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Contact

Email

sgregory001@dundee.ac.uk

Phone

+44 (0)1382 384285

Biography

I obtained my PhD in 2007 from the University of St Andrews, where I remained as a postdoctoral researcher until 2009, working with Professor Moira Jardine.

In 2009 I moved to the University of Exeter after being awarded an STFC (Science and Technology Facilities Council) Postdoctoral Fellowship.

From 2010 to 2012 I was a postdoctoral scholar at the California Institute of Technology (Caltech) working with Professor Lynne Hillenbrand.

I returned to the University of St Andrews in 2012, where I was part of the inaugural cohort who were awarded an STFC Ernest Rutherford Fellowship.

In 2019 I moved to the University of Dundee to help build their Astrophysics research group and degree programmes. My role, as Lecturer in Astrophysics, is a joint appointment between the Divisions of Mathematics and Physics.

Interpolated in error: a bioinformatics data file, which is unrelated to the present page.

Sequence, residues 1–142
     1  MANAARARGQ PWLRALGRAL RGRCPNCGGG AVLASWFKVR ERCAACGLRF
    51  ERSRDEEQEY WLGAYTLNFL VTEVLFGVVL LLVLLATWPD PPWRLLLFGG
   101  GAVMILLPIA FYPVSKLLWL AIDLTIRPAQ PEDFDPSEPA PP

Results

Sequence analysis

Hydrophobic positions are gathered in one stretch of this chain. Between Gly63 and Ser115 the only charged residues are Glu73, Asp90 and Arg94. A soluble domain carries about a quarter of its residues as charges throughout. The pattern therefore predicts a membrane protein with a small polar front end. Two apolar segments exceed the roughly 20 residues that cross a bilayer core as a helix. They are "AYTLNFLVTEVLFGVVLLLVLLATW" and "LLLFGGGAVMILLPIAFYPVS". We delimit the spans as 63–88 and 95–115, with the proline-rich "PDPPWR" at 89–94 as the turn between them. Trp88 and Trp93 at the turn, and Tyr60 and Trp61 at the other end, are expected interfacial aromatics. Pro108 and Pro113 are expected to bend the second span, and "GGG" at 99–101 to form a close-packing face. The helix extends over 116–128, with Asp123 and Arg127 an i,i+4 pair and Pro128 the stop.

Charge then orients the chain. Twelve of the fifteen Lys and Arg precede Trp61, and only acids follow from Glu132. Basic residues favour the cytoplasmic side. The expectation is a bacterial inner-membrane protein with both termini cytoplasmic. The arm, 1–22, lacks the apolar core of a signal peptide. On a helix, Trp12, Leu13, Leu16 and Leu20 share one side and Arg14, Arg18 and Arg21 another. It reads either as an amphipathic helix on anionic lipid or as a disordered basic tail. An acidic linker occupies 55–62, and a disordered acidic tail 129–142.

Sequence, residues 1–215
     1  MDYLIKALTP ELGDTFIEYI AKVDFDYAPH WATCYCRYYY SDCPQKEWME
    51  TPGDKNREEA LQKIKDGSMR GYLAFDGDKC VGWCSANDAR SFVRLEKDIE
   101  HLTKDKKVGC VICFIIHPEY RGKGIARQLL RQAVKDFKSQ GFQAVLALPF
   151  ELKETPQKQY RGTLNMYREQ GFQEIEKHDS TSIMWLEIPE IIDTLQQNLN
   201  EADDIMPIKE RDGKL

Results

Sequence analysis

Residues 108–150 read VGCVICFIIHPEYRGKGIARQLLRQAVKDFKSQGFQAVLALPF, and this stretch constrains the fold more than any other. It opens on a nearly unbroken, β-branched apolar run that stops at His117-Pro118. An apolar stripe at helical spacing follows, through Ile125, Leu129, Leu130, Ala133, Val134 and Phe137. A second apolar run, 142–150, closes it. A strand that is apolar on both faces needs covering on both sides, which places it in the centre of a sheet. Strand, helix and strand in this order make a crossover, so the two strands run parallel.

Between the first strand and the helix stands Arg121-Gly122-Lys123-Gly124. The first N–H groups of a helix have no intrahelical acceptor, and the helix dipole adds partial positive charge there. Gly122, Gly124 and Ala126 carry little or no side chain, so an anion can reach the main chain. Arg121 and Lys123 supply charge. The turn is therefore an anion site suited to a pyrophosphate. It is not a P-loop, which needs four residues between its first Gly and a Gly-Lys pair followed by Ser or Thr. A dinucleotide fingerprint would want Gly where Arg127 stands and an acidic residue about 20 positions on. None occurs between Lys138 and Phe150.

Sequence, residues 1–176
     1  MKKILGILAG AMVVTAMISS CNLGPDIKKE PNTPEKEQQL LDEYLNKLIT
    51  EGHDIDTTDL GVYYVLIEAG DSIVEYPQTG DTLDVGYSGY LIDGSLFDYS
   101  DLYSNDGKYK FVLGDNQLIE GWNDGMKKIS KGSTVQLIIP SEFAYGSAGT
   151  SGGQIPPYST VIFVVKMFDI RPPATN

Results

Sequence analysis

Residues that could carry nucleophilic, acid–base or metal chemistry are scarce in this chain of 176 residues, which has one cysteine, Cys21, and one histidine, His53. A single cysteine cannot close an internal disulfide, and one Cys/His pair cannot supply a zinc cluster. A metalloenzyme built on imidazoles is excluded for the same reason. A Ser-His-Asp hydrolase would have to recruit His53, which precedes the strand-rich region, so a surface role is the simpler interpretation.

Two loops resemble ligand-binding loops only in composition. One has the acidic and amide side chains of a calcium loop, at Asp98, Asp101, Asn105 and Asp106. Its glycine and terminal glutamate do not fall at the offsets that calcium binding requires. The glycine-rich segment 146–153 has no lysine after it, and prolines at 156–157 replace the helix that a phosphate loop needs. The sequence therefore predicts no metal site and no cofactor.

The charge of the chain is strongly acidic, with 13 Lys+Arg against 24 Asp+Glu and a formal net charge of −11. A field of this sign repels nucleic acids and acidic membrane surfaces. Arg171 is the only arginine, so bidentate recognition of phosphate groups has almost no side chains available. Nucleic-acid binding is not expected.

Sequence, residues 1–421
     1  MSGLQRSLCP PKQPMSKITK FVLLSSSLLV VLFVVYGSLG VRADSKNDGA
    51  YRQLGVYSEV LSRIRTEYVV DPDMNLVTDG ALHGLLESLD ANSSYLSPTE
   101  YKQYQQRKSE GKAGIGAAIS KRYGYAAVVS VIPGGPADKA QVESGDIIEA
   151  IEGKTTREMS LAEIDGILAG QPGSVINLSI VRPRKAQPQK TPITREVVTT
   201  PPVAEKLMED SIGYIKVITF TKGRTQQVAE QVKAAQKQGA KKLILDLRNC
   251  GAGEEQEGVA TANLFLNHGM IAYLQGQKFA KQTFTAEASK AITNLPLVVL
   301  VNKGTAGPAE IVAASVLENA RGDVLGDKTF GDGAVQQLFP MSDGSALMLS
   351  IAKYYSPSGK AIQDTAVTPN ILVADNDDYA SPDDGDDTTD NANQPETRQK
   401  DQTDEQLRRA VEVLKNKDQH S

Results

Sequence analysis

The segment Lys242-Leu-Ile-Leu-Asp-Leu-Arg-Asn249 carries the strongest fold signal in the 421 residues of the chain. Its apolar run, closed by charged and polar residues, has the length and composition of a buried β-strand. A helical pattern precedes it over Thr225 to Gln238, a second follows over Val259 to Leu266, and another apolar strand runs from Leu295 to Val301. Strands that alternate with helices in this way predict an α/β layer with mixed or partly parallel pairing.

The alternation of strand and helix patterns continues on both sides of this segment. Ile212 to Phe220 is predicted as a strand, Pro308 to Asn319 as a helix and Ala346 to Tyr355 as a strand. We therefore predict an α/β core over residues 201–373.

Research

My research exploits the latest stellar magnetism data, and multi-wavelength observations of young star clusters, to construct theoretical models designed to tackle the big questions: How did the Sun, a star that influences life on Earth, form and evolve? How do stars and planetary systems develop?

I tackle these questions by examining the evolution of low-mass stars during the final stage of their formation, as they emerge from their natal dust clouds and complete their gravitational contraction. These pre-main sequence stars reveal the history of the Sun during the epoch of planet formation.

To date, my work has focused on

  • the evolution of stellar magnetism
  • how young stars magnetically interact with circumstellar disks
  • the derivation of fundamental parameters for members of young clusters
  • the evolution of pre-main sequence stars
  • X-ray emission from stellar coronae
View full research profile and publications

Teaching

I currently teach the level 4 module MA41006: Mathematics of Fluids and Plasmas I: Fluid Dynamics and the level 3 module PH32005/PH32010: Computational Physics / Computational Astrophysics.